Jimmy Kimmel Tearfully Explains Why It's Wrong to Deny Health Coverage for Pre-Existing Conditions
Late night host Jimmy Kimmel and his wife Molly McNearney welcomed their second child last week, a baby boy named William, or Billy. And while the delivery went well, Kimmel said during a monologue Monday night, there were complications soon after.
What followed was a tear-filled speech that ended with a plea for Congress to keep health care protections established by the Affordable Care Act in place for people with pre-existing conditions.
Shortly after Billy's delivery, an attentive nurse "heard a murmur in his heart and noticed he was a bit purple, which is not common," Kimmel said. Doctors soon determined that Billy had a congenital heart condition. He had to be transferred to Children's Hospital Los Angeles to undergo open heart surgery, the first of several he will likely experience.
While Billy is healthy now, Kimmel noted that before 2014—when the ACA went into effect—millions of people in the U.S. were routinely denied health insurance if they had a pre-existing condition (like a congenital heart disease), including millions of children like Billy. The Affordable Care Act bans this practice.
In fact, the ACA's pre-existing conditions provision, which bans insurers from denying sick people coverage or charging them more than healthy people, is one of the most popular aspects of the health care law. A recent poll found 70% of Americans believe states should protect these people.
The latest version of the American Health Care Act, the Republican replacement plan for the ACA, would reverse these protections, though President Donald Trump has vowed they will stay in place. A report from the AARP found scrapping these protections could increase premiums to more than $25,000 per year for people with pre-existing conditions, making it unaffordable for many low-income Americans.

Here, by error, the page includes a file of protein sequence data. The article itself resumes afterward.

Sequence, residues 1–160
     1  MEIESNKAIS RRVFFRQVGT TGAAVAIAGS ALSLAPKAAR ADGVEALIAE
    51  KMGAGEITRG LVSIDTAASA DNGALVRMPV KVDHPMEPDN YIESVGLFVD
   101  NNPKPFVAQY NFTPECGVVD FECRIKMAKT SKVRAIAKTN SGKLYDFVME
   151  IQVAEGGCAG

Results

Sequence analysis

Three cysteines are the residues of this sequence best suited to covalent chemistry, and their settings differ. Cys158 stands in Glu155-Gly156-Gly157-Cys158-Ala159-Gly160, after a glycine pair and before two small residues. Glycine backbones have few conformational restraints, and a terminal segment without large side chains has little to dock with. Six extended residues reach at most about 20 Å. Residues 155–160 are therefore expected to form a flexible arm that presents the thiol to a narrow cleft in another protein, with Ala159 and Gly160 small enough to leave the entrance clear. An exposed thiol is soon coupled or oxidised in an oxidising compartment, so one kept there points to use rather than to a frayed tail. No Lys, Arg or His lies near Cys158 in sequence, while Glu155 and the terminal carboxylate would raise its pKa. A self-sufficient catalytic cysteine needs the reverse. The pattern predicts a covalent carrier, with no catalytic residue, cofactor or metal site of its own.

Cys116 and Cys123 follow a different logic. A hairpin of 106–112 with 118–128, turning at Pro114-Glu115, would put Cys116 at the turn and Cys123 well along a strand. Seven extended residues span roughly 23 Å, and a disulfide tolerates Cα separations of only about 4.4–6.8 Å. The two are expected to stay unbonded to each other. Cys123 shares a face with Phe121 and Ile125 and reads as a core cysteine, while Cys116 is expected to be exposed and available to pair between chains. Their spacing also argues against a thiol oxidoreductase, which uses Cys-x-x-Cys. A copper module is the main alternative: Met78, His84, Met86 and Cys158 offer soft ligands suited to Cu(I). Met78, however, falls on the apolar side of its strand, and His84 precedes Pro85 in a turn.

"If your parents didn't have medical insurance, you might not live long enough to even get denied because of a pre-existing condition," Kimmel said. "If your baby is going to die and it doesn’t have to, it shouldn’t matter how much money you make. I think that’s something that whether you’re a Republican or a Democrat or something else, we all agree on that, right?"
He also praised the budget agreed on by Democrats and Republicans this past weekend for increasing funding for the National Institute of Health, which researches diseases like Alzheimer's and cancer, by $2 billion for the current fiscal year. Earlier in the year, it was reported that President Trump's initial budget proposal would have slashed funding to the organization by $6 billion.
"Let’s stop with the nonsense. This isn’t football. There are no teams. We are the team. It’s the United States. Don’t let their partisan squabbles divide us on something every decent person wants," he said. "We need to take care of each other."
He also asked his audience and viewers to consider donating to the Children's Hospital Los Angeles, which took care of his son.
The hospital relies on private donations and federal funding from the NIH, including tens of millions in grants for cancer research.
"No parent should ever have to decide if they can afford to save their child’s life," he said. "It just shouldn’t happen. Not here."